Much as last week’s Budget became centred on housing policy, so too has Sadiq Khan’s tenure as Mayor of London. The capital faces an uphill struggle to build the homes it needs to meet demand, and Mr Khan has had to come up with some radical ideas to succeed.
But just how daring are they? The run-up to his long-awaited draft London Plan, which sets out his strategy for planning and housebuilding across the capital, was making developers nervous. Last month he suggested that 65pc of new homes should be affordable, potentially crunching housebuilders’ margins and making sites financially unviable.
This turned out to be an empty threat, to the relief of London housebuilders. When it was unveiled today, it set fixed thresholds for affordable housing: 50pc on public land and in certain areas, and 35pc for private developers. This “creates certainty,” said Jon Di Stefano, chief executive of Telford Homes, while Mount Anvil boss Killian Hurley said he had “from the outset been a vocal supporter” of the policy.
That developers are throwing their weight behind this substantially higher level of affordable homes signals how City Hall is wielding its power. Developers will simply not get planning permission if they don’t provide enough affordable housing, and Mr Khan has not been reluctant to reject proposals.
Demand to build more densely on the outskirts near transport hubs will lead to more skyscrapers in suburban areas
But it could have unintended consequences by devaluing the price of land, says Brendan Sarsfield, chief executive of housing association Peabody. “Will the people who own land bring it to market, or will they wait for the next Tory mayor to come in and change the policy? It may lead to land being withheld. We need a strong compulsory purchase order system to make sure people cannot play games when we desperately need land for development.”
One of the biggest changes heralded by the document was a huge increase in the annual target for homebuilding, from 29,000 to 66,000 a year by 2029. This seems like a potentially insurmountable task, particularly as Savills has forecast housing supply will fall sharply from next year as the volatile London development market has scared off investors.
A report earlier this year by accountants Grant Thornton found that one in three homes given planning permission were not built. “We are not going to be delivering 66,000 homes in a hurry,” said Mr Di Stefano. “That is not him saying ‘I expect to deliver that many a year, but rather this is what we need to build to meet the demand in London’. We have a real challenge to keep it going…It doesn’t matter what the number is, but it gives us confidence to get on with job and build more.”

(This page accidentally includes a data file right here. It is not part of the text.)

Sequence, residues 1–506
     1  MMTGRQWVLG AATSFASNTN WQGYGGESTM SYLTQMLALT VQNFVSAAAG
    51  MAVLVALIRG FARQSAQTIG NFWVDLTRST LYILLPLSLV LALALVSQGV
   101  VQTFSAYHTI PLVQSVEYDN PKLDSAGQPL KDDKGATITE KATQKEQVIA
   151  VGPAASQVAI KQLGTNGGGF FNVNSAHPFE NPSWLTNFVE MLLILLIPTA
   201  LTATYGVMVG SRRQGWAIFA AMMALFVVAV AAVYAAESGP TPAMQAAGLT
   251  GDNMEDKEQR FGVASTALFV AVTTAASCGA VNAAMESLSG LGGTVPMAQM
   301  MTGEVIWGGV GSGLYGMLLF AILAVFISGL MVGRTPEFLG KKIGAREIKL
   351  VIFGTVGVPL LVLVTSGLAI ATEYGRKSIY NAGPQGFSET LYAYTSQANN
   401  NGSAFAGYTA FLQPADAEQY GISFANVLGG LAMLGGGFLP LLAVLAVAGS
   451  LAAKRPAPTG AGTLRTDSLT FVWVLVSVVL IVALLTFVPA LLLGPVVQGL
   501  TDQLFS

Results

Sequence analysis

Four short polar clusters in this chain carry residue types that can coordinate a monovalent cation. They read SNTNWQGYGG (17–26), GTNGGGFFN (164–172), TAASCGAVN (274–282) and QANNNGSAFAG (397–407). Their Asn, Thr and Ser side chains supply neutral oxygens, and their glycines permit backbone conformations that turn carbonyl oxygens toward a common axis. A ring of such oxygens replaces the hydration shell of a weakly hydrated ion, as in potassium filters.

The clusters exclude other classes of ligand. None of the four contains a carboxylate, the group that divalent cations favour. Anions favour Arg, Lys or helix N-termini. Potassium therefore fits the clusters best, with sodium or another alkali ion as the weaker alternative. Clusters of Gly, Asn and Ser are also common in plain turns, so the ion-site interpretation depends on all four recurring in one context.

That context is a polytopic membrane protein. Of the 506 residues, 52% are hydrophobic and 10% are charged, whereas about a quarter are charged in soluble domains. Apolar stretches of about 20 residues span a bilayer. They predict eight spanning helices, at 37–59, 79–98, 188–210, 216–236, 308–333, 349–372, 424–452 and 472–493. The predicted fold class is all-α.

We are not going to be delivering 66,000 homes in a hurryJon Di Stefano, chief executive of Telford Homes
Despite this huge change to the new homes target, the plan as a whole was quite conservative, with little changing to rules over protected views and safeguarding the green belt. Adam Cradick, a senior director at CBRE, said that “a more flexible approach to the green belt would have been welcomed, as relying on increased density alone in order to deliver these targets will be a challenge.”
Previous housing targets have not been met, so what makes this plan different? Much like the Budget, there were subtle but important changes in planning guidance, such as an emphasis on “build-to-rent” developments pursued by Mr Khan’s deputy mayor, James Murray; these are key because they speed up delivery and cater to the ever-growing “generation rent”.
The plan has also promoted building on small sites, although this well-meaning proposal could be stymied with more applications hitting already struggling planning departments. The plan also suggests that there needs to be sufficient supply of land and buildings in different parts of the capital to meet current and future demand for industrial properties, such as places to hold wholesale markets or locate distribution hubs.
Where density could be increased in the outskirts of London
It will have a tangible impact on the fabric of London: a demand to build more densely on the outskirts near transport hubs will lead to more skyscrapers in suburban areas, potentially changing their character. “This ‘rabbit out of the hat’ trick [of building 60,000 homes a year] can only be achieved by significant densification,” said Ian Anderson, a partner at Cushman & Wakefield. “A number of the outer London authorities will need to see sharp increases in house building and will need to move their mindset from a suburban idealism to one which is more urban in focus.”
This shift to outer zones is already reflected in market changes, but this will be a “very difficult balancing act”, argues Adam Challis, head of residential research at JLL. These communities may feel that local public services are being undermined by developments that are foisted upon them. “The problem is the Mayor doesn’t control that budget… If you don’t have the community’s support, and that becomes a greater groundswell of anti-development rhetoric in those outer zones, then Mr Khan’s ambitions won’t be achieved.”